When it comes to coal, Serbia really doesn’t do things by halves.
One of the coal-fired power plants that Serbia plans to build, Kostolac B3, is the first coal power plant to be under consideration by the United Nation’s Espoo Convention Implementation Committee for potentially breaching the Convention’s transboundary environmental impact assessment obligations. According to these a country is obliged to properly inform and consult neighbouring countries about transboundary environmental risks of projects it is promoting. So far, no coal power plants have ever been subject to consideration by the Committee.
This opens an interesting precedent for the numerous coal plants being planned across the Balkans. Countries might have to fulfil yet another obligation before receiving the environmental permits for their plants.
It was a submission by Bankwatch Romania that made the Committee take action and consider looking into the potential breach by the Serbian state. A letter we received on Friday confirmed the Committee’s decision.
In our submission, we argued that Serbia has not notified Romania about the potential environmental impacts of constructing a new 350 MW unit at Kostolac in north-east Serbia on the Danube river and only about 15 kilometres from the Romanian border. Kostolac B3 is supposed to be built by China Machinery Engineering Corporation (CMEC), that seems not to be the most reliable of partners, and would be a fifth block in the complex which also hosts two open-cast coal mines, Drmno and Cirikovac.
According to the Espoo Convention, Romania, as a potentially affected party, should have been notified by Serbia, but this has not happened as the Romanian Ministry of Environment and Climate Change stated in a document sent to Bankwatch Romania in March 2014.
The Espoo Convention stipulates that thermal power stations and other combustion installations with a heat output of 300 megawatts or more are considered to have transboundary impacts and should therefore undergo an environmental impact assessment in the neighbouring countries.
Additionally, the public in Romania, as potentially affected by this future coal plant, should have been given a chance to take part in environmental impact assessment procedures. This has not happened either: information about Kostolac was only ever published in Serbian, giving the Romanian public no chance to impact any decision about the future of the project.
A potential precedent
The decision of the Espoo Committee to consider the so-called “information communication” from Bankwatch Romania is momentous. This is the first time that the Committee is looking at issues around cross-border impacts of a coal fired power plant plant, having traditionally been more concerned with nuclear plants.
This opens an interesting precedent for the numerous coal plants being planned across the Balkans. Should the Committee eventually rule that Kostolac B3 breached this international law, countries might have to fulfil yet another obligation before receiving the environmental permits for their plants, namely to not only properly notify and consult their own citizens but those of neighbouring countries as well.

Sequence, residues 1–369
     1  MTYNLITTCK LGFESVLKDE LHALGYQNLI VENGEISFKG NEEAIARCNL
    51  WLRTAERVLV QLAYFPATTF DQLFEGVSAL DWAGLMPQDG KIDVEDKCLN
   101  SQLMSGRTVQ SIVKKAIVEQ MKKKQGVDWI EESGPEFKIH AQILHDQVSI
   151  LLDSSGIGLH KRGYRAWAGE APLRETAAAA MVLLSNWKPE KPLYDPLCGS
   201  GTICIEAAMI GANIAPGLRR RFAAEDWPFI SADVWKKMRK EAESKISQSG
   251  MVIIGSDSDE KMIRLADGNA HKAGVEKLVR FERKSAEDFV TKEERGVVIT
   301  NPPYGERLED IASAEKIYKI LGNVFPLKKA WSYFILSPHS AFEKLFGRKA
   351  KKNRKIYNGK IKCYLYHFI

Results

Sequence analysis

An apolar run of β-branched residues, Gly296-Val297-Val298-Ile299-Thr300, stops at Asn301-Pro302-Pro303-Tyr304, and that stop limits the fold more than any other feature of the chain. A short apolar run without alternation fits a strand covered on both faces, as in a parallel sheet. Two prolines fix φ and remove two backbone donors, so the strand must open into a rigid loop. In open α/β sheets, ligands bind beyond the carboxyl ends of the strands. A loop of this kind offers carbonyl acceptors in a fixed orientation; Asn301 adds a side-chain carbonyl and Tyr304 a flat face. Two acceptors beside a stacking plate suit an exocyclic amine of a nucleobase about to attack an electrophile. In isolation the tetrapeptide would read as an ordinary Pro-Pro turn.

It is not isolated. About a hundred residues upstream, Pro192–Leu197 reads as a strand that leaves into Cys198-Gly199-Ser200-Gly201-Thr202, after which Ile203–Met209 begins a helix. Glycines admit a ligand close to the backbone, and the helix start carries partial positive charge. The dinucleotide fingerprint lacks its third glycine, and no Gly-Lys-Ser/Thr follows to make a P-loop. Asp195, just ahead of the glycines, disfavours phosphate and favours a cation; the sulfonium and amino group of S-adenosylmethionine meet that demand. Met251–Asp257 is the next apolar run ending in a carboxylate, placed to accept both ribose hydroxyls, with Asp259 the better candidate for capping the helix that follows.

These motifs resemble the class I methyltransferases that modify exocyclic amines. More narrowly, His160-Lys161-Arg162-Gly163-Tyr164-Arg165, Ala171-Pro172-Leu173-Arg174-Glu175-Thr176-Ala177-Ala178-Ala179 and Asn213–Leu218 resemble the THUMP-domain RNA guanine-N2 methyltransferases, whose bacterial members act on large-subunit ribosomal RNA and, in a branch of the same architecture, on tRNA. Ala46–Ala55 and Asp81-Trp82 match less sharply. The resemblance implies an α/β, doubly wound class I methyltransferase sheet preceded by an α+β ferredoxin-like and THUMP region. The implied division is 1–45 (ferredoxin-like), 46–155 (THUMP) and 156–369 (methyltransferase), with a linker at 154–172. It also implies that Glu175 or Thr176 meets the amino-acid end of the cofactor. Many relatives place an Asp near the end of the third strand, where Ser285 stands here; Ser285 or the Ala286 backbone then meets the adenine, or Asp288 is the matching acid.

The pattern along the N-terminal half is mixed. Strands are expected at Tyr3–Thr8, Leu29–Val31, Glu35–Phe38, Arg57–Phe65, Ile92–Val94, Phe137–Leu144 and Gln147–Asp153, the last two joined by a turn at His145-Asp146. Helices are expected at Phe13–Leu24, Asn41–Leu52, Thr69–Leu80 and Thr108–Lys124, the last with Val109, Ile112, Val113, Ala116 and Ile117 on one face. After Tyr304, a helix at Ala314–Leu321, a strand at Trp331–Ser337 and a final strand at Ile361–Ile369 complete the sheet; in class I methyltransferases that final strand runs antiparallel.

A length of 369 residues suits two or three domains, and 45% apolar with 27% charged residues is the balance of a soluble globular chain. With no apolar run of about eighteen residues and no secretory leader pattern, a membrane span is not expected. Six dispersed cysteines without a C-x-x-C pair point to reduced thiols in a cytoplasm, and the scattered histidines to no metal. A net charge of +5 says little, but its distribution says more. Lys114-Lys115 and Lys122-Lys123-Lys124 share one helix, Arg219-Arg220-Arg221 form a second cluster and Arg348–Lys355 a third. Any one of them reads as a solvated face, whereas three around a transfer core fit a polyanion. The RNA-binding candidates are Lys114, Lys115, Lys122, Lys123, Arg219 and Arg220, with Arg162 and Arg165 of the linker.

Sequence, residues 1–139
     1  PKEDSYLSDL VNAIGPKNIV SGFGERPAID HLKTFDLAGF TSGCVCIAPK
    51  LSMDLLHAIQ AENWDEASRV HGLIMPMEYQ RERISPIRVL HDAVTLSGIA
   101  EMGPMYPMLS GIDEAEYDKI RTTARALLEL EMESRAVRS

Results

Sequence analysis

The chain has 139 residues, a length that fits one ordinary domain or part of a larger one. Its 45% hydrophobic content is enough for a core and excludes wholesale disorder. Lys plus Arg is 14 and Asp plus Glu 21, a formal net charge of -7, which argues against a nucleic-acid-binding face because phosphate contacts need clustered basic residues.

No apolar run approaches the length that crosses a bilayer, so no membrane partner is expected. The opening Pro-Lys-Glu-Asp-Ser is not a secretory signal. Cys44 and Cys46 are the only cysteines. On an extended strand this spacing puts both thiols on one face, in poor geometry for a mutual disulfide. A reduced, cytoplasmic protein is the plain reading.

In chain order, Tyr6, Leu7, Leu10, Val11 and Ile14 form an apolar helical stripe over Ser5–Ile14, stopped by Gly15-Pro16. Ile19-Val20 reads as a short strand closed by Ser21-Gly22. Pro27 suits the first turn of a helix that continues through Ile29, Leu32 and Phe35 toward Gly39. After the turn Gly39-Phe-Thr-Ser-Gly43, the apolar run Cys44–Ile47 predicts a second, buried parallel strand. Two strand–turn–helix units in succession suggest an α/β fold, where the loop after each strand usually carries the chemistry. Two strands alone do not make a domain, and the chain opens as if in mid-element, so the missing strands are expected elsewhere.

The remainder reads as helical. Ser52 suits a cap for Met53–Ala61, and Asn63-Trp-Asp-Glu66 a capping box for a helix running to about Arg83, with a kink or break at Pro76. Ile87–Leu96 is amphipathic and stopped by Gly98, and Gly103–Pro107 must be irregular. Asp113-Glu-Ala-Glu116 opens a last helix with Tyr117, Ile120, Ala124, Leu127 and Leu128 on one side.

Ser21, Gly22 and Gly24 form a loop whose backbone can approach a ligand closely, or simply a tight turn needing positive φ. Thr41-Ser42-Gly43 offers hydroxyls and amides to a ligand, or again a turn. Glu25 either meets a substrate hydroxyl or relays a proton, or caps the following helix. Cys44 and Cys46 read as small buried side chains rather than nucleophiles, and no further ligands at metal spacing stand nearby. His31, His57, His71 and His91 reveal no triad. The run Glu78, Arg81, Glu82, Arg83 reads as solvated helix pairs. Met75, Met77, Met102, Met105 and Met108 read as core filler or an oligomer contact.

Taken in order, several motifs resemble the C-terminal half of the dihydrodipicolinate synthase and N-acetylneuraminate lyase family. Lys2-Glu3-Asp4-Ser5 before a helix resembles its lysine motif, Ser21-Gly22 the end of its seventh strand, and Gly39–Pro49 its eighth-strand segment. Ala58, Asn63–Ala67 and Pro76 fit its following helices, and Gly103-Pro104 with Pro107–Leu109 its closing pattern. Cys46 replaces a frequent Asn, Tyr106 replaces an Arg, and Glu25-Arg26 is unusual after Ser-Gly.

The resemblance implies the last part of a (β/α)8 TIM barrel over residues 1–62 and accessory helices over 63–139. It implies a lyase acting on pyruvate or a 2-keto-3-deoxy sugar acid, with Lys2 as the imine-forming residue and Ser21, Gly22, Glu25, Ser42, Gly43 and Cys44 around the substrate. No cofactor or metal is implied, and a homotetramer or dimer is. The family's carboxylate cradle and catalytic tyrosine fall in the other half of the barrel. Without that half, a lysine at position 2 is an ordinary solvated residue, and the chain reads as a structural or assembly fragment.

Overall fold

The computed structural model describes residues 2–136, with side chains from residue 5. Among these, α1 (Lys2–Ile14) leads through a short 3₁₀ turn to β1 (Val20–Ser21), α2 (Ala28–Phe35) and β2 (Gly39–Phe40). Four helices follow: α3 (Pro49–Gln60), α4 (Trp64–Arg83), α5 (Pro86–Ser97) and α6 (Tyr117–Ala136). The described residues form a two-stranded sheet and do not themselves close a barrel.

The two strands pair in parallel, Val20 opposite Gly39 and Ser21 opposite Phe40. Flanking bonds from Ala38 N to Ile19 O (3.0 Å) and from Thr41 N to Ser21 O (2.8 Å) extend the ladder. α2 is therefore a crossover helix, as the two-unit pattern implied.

It is too early for anti-coal campaigners to celebrate since investigating a case under the Espoo Convention is a lengthy process and the decision about a breach is still months ahead. For now, the Committee decided to continue its consideration of this case at its next session (9-11 December 2014). Bankwatch Romania and the Government of Serbia were invited to provide further information about the case. Our submission to the Implementation Committee will therefore force the Serbian government to have to explain itself about why it has not notified other countries. We look forward to these explanations!
Other troubles for Kostolac
The Espoo Committee decision to look into Kostolac is just another element in a longer list of legal challenges to the project. The Serbian government’s decision to approve the Environmental Impact Assessment study for the construction of Kostolac B3 coal power plant is also challenged in the Serbian national administrative court by the Serbian Center for Ecology and Sustainable Development – CEKOR. In addition, a recent report (pdf) by the Belgrade-based Center for Research, Transparency and Accountability – CRTA shows that the Serbian government is supporting the Kostolac coal power plant and mines with loan guarantees and potentially VAT breaks.
Campaign tool: Kings of Coal
An online campaigners’ toolkit on coal financing in southeast Europe and Turkey.
The reality is that coal plants in Europe are increasingly hard to construct, because of ever more stringent environmental regulation and ever shakier economics of coal. To push coal projects through, authorities and project promoters often have to cut legislative and due diligence corners. Yet civil society in Europe, including in the Balkans, has also more and more tools to combat these bad practices. It seems today that the Espoo Convention is another such tool. After all, pollution from coal has no borders, and whether more coal will be built in the Balkans is a concern for all of us, no matter where we live in Europe.
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